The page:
Oi reactors’ restart is vital, Noda stresses

Units said safe; move needed to keep power, economy going


Staff Writer

Prime Minister Yoshihiko Noda stressed Friday that restarting the Oi nuclear plant in Fukui Prefecture is crucial to meet the nation’s energy needs this summer and to ensure sustainable economic growth in the longer term.

“If we end (nuclear power generation) or if we continue to avoid reactivating reactors,” everything will grind to a standstill, Noda told a news conference.

Noda also assured the public that reactors 3 and 4 at the Oi facility, which the government is pushing hard to put back online, have been secured and pose no safety risk even if the plant is rocked by a major earthquake or inundated by tsunami.

“We have established systems that ensure (severe) accidents won’t occur,” Noda said. “We have appropriate countermeasures in place. Even if the reactors lose their entire electricity supply, their cores won’t suffer meltdowns.”

The last of Japan’s 50 commercial reactors was shut down last month because of the Fukushima nuclear crisis. But Noda’s comments Friday may signal the nation’s nuclear-free days are drawing to an end.

The Fukui Prefectural Government’s nuclear safety commission is expected to swiftly file a report to Gov. Issei Nishikawa, who is likely to approve a resumption of operations at Oi in the coming days now that Noda has publicly announced the central government’s stance.

The municipal assembly, which last month declared it would consent to restarting the reactors to rejuvenate its crippled economy, is also expected to approve the move.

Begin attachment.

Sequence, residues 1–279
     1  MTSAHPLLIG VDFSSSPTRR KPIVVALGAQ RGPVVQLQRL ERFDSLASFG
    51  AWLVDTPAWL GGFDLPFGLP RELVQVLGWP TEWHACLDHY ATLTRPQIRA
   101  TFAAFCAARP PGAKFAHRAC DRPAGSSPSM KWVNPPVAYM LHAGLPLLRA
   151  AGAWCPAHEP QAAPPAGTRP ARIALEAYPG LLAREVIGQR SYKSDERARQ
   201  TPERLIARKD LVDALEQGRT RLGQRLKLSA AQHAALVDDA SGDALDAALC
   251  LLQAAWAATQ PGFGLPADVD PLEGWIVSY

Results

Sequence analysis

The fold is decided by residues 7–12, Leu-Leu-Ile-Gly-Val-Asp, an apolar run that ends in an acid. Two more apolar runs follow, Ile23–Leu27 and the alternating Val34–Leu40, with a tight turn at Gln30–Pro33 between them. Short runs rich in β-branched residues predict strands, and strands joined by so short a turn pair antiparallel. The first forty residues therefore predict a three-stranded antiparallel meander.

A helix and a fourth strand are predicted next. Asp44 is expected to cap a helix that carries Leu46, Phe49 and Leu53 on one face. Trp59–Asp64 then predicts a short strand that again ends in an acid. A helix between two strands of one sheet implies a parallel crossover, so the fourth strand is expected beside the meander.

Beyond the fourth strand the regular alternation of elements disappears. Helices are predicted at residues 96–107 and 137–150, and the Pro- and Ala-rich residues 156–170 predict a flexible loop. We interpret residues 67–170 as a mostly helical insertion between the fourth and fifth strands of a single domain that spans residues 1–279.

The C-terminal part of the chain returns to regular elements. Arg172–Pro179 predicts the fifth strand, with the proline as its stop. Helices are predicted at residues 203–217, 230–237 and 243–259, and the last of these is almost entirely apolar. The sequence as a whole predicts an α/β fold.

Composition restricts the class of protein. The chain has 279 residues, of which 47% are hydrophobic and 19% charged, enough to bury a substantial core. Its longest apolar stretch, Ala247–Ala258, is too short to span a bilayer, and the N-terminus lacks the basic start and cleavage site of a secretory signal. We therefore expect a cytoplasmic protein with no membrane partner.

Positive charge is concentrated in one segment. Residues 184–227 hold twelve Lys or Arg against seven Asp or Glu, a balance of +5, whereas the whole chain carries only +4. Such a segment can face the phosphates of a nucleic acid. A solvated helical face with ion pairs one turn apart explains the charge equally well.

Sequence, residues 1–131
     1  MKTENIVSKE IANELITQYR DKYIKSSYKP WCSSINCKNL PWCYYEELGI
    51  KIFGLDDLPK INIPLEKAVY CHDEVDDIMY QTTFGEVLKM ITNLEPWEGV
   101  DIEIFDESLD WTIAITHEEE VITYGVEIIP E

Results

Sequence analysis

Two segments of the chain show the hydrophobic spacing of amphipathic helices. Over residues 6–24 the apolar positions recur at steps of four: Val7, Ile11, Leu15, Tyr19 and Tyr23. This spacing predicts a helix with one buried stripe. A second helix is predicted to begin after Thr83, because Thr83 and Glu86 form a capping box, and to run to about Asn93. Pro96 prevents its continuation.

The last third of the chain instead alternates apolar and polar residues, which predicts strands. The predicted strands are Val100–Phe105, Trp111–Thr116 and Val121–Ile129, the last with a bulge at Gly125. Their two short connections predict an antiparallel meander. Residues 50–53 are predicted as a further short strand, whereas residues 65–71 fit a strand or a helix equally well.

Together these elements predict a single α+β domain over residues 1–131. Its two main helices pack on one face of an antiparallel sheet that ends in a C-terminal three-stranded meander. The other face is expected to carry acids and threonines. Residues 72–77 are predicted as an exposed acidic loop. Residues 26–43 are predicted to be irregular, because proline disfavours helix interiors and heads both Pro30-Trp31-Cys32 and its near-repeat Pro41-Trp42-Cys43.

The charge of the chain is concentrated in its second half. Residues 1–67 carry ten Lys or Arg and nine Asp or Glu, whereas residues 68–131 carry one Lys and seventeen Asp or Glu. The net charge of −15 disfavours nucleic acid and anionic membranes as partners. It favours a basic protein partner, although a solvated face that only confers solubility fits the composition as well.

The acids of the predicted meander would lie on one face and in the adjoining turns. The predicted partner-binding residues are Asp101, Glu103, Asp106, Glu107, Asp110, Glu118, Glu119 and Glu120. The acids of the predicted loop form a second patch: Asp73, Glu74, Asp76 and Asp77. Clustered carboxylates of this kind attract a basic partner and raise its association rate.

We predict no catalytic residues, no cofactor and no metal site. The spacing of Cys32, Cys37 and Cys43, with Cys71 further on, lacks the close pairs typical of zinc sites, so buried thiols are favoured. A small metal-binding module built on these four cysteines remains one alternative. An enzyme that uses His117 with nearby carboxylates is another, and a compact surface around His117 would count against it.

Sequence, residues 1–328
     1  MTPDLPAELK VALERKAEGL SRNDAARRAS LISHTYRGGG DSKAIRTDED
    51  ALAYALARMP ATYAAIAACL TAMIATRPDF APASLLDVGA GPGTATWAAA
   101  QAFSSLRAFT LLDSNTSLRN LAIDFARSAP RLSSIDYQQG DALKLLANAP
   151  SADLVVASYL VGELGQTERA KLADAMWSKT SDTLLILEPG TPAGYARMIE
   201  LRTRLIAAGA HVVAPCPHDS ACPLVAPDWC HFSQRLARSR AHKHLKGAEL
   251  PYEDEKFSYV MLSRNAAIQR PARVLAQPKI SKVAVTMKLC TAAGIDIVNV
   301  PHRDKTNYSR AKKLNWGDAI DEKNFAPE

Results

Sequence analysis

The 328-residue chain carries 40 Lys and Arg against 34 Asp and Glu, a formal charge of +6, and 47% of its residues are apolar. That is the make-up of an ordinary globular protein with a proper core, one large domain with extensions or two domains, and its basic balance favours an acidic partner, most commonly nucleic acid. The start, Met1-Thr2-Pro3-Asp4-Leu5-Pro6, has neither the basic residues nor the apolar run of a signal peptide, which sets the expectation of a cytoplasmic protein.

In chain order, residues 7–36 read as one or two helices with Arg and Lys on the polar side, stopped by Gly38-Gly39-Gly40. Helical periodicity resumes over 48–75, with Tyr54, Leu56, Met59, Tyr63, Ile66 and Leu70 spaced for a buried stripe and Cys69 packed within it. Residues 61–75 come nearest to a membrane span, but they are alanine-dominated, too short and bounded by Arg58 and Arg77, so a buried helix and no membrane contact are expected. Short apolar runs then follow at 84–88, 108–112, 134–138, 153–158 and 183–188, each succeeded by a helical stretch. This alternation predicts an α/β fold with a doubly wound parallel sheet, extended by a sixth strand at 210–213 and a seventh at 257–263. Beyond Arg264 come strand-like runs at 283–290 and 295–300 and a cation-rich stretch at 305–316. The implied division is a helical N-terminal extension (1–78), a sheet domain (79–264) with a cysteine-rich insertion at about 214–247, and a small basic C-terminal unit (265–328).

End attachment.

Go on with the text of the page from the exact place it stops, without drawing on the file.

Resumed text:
In such an event, Noda could call a Cabinet meeting next week to officially instruct Kansai Electric Power Co. to fire up the two reactors at Oi. Kepco said it would take approximately six weeks for the units to reach maximum capacity.

Still, those demanding an overhaul of Japan’s nuclear policy continue to argue that reactivating the reactors before the probe into the Fukushima triple-meltdown disaster has even been completed poses too much of a risk.

When asked about opposition to the move, Noda reiterated that appropriate measures have been taken to secure the Oi reactors’ safety.

Prior to the news conference, Chief Cabinet Secretary Osamu Fujimura told reporters the government will make a final decision “after weighing the influence that resuming operations at nuclear plants will have on the economy and on the lives of the public.”

But with energy consumption likely to start peaking from next month, Noda’s government is desperate to restart the Oi plant. Almost 30 percent of Japan’s electricity was supplied by nuclear power before the Great East Japan Earthquake.

Reactor 3 at the Oi power station, located on the Sea of Japan coast, has remained offline since March 18 last year, and reactor 4 since July 22.

However, the Nuclear Safety Commission in March approved the results of stress tests that showed the plant would be able to withstand powerful earthquakes and tsunami.

Kansai Electric said its own tests show the Oi facility is 1.8 times more resistant to temblors than required by government safety standards, and could withstand tsunami of up to 11.4 meters.